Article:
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SAN JOSE — Doctors had told Sgt. Gilbert Polanco’s family that it could happen at any time. And on Sunday, the San Quentin corrections officer who contracted coronavirus within the prison walls of the nation’s worst outbreak, died.

“He was my best friend. He was my mom’s true love,” said Polanco’s 22-year-old daughter, Selena. “He was just an amazing man in every way.”

 

Sgt. Gilbert Polanco, a prison guard at San Quentin, from a recent family photo. (Courtesy of the Polanco Family) 

Gilbert Polanco, 55, a San Jose native, had been hospitalized since July 3 and had been intubated for weeks.

Of the 261 staff members infected by the virus at San Quentin Prison, Polanco is the first to perish and the 9th corrections employee to die of the virus in California. Of the 2,231 San Quentin inmates infected with the virus, 24 have died.

San Quentin had been virus-free until state prison officials made an ill-fated decision to transfer 121 prisoners from the state prison in Chino, where an outbreak had taken hold. Some 25 tested positive for the virus after they arrived at San Quentin on May 30 and it spread from there.

“Sergeant Gilbert Polanco is an example of the best of CDCR and his passing deeply saddens us all,” California Department of Corrections and Rehabilitation Secretary Ralph Diaz said in a statement Sunday. “His dedication to public service will not be forgotten.”

Acting San Quentin Warden Ron Broomfield said “our hearts are broken.”

“Sgt. Gilbert Polanco demonstrated unwavering commitment and bravery as a peace officer working the frontline every day during this devastating pandemic,” Broomfield said in a statement. “His memory is carried on in the hearts of all the men and women who continue to battle this deadly virus at San Quentin. We mourn together with his family and pray for their peace and comfort in the midst of their immeasurable loss.”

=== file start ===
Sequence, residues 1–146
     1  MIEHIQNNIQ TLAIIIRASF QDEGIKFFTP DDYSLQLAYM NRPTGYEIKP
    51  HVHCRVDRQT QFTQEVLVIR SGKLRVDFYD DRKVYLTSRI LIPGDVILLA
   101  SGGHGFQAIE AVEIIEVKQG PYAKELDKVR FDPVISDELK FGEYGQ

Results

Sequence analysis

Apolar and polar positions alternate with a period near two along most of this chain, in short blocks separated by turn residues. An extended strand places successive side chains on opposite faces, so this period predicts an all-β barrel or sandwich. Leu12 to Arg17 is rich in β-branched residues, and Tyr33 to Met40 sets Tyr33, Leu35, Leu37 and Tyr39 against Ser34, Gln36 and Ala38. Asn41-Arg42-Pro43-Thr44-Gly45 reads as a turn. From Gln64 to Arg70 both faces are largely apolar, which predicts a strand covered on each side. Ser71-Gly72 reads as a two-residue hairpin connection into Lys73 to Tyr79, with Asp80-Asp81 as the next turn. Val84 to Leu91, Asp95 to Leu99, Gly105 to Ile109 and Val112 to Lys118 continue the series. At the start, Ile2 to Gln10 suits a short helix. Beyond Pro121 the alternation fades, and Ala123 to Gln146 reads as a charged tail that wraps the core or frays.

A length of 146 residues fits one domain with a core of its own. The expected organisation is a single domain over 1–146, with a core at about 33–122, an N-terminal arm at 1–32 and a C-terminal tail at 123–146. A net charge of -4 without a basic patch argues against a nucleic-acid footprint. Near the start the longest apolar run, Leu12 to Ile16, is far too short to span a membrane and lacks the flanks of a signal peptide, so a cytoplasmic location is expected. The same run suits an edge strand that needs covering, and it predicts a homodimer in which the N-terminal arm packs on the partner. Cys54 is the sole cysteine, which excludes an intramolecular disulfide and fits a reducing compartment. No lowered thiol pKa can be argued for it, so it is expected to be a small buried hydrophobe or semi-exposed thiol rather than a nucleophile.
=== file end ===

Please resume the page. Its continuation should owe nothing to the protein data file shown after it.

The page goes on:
As dozens of prison guards fell ill with the virus, Polanco worked extra shifts to help out. He commuted each day from his home in San Jose. He started having a cough on Father’s Day, June 17.

The Polanco family, including his son Vincent, recently home from a U.S. Army station in South Korea, said they had felt hopeful within the last few days. Doctors at Kaiser Permanente Medical Center San Jose had started a plasma treatment and weaned him off steroids. For the first time in 10 days, they were able to position him on his back, Polanco’s wife, Patricia Polanco, had told this news organization.

“He’s not out of the woods yet,” the doctors had told her. “These are baby steps.”

But just before dawn Sunday morning, “his heart just stopped,” Selena said.

“He was everything,” Selena said from the family’s San Jose home. “I can go on forever, but it really hurts.”

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Author: Julia Prodis Sulek

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